In 2014, Altadis USA released the Espada by Montecristo. Historically, it was an important cigar in that it was the first Montecristo cigar to come out of Nicaragua, and for Altadis it was one of their first major releases produced by an outside factory which in this case was the Plasencia factory. In addition, the Espada would also be the first Montecristo to use all Nicaraguan tobaccos. Fast forward to 2020, and today many of Altadis’ brands are produced in Nicaragua at the Plasencia or AJ Fernandez factories. In 2019, Altadis would unveil an extension to the Montecristo Espada brand known as the Montecristo Espada Oscuro. Like the original Espada, the Espada Oscuro is a Nicaraguan puro but uses a dark Oscuro wrapper uncovered at the Plasencia factory. Today we take a closer look at the Montecristo Espada Oscuro in the Guard (Toro) size.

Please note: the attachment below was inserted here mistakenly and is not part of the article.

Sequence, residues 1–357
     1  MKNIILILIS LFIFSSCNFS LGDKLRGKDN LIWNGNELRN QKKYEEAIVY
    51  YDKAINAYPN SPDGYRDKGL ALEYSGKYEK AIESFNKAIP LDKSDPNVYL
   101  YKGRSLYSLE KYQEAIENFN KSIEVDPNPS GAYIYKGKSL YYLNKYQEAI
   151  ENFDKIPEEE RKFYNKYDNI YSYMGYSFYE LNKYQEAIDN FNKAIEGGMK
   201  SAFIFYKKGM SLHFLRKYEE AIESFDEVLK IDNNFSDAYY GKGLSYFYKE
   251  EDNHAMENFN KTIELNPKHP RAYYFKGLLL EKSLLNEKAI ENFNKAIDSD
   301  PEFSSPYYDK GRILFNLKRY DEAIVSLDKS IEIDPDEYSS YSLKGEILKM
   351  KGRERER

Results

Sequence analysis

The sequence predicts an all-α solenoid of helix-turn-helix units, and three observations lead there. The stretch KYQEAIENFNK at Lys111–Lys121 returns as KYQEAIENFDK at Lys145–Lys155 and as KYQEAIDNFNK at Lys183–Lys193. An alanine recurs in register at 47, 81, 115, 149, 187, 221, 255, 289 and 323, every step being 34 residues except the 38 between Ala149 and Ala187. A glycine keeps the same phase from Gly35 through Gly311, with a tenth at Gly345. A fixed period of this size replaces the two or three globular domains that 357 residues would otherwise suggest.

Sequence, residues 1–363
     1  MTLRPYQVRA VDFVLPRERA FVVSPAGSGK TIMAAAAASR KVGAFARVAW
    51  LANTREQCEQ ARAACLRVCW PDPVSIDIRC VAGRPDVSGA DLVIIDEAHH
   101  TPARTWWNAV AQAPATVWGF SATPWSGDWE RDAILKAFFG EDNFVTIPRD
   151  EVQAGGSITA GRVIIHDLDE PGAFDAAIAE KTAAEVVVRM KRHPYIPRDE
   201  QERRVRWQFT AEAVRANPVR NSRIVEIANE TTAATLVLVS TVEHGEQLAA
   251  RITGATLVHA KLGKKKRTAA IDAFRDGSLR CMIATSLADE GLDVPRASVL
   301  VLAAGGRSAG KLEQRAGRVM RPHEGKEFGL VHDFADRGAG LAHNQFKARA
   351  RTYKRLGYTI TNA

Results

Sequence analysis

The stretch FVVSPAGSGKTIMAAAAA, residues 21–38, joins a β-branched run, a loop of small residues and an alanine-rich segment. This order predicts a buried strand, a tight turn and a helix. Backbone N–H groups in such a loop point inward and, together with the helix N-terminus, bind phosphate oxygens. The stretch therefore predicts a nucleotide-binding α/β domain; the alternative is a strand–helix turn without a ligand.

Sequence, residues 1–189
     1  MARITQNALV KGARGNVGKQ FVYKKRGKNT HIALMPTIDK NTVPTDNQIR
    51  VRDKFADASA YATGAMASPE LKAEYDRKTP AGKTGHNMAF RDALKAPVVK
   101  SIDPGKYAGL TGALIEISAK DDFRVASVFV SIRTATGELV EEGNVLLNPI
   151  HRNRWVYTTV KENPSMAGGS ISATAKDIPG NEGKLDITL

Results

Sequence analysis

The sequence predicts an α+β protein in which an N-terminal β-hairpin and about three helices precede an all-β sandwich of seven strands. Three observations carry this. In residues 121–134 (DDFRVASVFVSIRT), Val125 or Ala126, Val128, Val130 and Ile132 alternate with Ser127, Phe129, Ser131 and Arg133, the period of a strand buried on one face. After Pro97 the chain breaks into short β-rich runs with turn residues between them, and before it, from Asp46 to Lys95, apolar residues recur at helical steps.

At Tabacalera USA have been eight Montecristo branded releases out of Nicaragua with a ninth soon to be released. Two releases are distributed by Santa Clara and the remaining under Altadis USA. The Montecristo Espada Oscuro is distributed by Altadis USA.
- Espada by Montecristo (Plasencia SA)
- Espada by Montecristo Estoque (Plasencia SA)
- Montecristo Crafted by AJ Fernandez(Tabacalera AJ Fernandez – Santa Clara release)
- Monte by Montecristo AJ Fernandez (Tabacalera AJ Fernandez)
- Montecristo Epic Craft Cured (Plasencia SA)
- Montecristo Nicaragua Series(Tabacalera AJ Fernandez)
- Montecristo Espada Oscuro (Plasencia SA)
- Montecristo Volume 1: 100 Days (Tabacalera AJ Fernandez – Santa Clara release)
- Montecristo 1935 Nicaragua (To be released – San Lotano)
Without further ado, let’s turn our attention to the Montecristo Espada Oscuro Guard and see what this cigar brings to the table.
Blend and Origin
As mentioned, the Montecristo Espada Oscuro is a Nicaraguan puro featuring an Oscuro wrapper. It is produced at the Plasencia factory in Nicaragua